Report on frosh chant that glorified sexual assault calls for code of conduct

HALIFAX – A panel launched in the aftermath of a frosh week chant that glorified the sexual assault of young girls delivered a report Thursday calling on Saint Mary’s University to develop a school-wide code of conduct.

The report makes 20 recommendations aimed at fostering a cultural change at the Halifax school to prevent sexual violence and encourage respectful behaviour.

It says the chant at Saint Mary’s University, along with a similar one sung during an orientation week event at the University of British Columbia, highlighted broad societal challenges that need to be addressed rather than issues specific to youth culture.

“Hypersexualized songs, photos, movies and advertisements are omnipresent. Alcohol and drug problems abound — even among public figures that are supposed to be role models,” says the 110-page report.

“The Internet and social media are forces for good but also have a much darker side like easy access to pornography, cyberbullying and the deterioration of people’s capacity to form meaningful ‘in-person’ relationships.”

Wayne MacKay, a law professor at Dalhousie University, was appointed to lead the panel that consulted with students, faculty members and alumni about ways to avoid similar incidents in the future.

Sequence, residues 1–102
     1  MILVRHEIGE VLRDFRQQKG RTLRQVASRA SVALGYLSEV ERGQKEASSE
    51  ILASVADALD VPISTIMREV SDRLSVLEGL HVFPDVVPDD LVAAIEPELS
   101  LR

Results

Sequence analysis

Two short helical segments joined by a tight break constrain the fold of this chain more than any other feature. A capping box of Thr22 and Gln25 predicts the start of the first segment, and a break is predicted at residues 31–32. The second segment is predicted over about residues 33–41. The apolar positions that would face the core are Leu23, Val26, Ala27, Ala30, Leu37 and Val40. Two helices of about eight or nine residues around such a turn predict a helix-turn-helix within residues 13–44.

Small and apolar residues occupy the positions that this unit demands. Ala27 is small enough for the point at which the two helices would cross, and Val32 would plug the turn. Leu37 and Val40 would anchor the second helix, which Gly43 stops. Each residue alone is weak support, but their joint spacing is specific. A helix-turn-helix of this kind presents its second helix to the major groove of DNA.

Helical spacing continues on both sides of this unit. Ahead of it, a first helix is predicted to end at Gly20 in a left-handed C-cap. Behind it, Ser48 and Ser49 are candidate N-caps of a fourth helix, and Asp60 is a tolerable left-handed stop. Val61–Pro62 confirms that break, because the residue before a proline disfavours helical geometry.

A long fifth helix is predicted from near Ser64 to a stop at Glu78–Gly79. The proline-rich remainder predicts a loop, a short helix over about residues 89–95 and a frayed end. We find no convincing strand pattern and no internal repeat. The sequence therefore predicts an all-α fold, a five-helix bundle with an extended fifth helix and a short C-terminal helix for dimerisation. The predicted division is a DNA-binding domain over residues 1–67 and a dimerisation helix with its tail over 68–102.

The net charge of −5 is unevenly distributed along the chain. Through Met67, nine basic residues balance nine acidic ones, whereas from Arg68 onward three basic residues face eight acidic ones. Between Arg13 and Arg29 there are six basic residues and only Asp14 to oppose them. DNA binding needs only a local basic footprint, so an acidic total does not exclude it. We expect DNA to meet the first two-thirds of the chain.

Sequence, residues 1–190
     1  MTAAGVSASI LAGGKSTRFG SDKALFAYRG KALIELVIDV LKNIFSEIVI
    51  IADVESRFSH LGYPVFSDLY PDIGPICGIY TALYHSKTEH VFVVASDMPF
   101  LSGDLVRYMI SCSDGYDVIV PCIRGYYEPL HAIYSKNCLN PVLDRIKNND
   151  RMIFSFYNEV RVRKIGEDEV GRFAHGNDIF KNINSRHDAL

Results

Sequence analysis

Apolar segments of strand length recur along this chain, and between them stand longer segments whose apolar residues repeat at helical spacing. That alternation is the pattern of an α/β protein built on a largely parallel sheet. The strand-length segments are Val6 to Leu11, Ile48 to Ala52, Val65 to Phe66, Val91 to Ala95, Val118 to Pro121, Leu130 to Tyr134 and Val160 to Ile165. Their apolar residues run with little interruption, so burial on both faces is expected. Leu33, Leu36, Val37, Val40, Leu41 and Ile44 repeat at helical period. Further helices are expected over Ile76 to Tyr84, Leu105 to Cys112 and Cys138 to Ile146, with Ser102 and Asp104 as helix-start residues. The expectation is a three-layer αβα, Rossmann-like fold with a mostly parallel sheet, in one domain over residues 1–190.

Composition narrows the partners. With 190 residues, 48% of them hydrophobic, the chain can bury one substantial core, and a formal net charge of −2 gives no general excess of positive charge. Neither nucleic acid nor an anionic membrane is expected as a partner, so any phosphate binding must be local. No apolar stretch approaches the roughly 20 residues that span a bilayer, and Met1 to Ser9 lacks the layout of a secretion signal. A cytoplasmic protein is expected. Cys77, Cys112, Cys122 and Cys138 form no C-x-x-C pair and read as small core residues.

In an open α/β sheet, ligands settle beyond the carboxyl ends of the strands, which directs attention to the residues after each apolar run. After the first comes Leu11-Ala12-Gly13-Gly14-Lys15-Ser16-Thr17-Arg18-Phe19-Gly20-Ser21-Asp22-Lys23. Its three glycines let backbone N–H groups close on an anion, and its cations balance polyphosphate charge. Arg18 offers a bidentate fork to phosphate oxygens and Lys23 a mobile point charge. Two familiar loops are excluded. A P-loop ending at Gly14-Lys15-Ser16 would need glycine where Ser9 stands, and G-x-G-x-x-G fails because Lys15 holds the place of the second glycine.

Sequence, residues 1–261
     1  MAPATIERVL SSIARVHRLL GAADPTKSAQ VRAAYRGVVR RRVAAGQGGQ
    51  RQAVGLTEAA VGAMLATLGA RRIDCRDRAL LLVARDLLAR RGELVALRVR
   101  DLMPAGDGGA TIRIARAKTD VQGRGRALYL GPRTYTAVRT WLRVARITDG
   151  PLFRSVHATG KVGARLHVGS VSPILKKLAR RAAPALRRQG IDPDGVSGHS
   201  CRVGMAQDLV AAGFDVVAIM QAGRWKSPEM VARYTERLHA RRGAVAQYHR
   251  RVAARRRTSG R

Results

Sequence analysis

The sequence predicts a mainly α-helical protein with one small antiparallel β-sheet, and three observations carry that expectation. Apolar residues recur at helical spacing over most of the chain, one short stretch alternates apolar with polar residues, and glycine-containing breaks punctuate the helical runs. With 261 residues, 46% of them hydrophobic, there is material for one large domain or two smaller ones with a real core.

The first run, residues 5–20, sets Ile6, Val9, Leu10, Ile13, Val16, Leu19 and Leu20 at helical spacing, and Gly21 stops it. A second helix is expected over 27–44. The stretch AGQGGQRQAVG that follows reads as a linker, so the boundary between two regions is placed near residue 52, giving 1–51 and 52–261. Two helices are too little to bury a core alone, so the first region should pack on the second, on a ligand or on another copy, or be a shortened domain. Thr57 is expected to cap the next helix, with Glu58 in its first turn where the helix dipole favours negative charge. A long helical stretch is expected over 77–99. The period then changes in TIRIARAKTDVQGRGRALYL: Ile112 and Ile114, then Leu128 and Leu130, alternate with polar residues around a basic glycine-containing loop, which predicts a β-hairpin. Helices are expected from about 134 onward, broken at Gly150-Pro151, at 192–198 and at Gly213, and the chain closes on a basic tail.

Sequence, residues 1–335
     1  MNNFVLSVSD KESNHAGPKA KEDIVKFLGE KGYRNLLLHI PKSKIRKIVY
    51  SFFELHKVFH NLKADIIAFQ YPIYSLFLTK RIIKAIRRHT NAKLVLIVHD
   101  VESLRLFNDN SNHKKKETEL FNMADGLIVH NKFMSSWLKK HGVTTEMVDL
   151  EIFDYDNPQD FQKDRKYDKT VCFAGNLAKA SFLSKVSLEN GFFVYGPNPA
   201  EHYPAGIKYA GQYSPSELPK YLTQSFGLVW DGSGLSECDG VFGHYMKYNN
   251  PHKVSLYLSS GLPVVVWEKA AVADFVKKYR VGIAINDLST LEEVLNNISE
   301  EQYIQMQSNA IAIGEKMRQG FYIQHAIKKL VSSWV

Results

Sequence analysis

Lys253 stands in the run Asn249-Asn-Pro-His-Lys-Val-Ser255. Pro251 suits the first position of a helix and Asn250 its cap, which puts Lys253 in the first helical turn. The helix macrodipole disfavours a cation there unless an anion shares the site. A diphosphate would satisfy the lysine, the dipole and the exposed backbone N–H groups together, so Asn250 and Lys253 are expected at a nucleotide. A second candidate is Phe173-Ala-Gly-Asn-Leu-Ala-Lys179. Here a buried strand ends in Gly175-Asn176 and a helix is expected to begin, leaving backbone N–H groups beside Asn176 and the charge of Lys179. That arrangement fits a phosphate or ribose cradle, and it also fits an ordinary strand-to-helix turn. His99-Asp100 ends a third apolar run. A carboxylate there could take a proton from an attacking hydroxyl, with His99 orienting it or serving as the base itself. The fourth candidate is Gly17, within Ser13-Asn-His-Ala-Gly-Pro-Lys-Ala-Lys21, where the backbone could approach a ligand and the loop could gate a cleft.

MacKay said the code of conduct should establish clear standards of behavioural norms that would apply to all members of the university community and there should be consequences for people who breach it.

He said Saint Mary’s University should also invest in education programs to teach students about healthy sexuality and the importance of consent.

The university set up the panel after a video surfaced on Instagram showing student leaders singing a chant about underage, non-consensual sex to about 400 new students at an event during orientation week in September. The song spelled out the word “young” with the lyrics, “Y is for your sister … U is for underage, N is for no consent.”

Colin Dodds, the university’s president, said he supports the report’s advice and will report every six months on how the school is implementing it.

“We embrace the recommendations and commit to sharing our progress,” he said. “We can set a standard for others to follow.”

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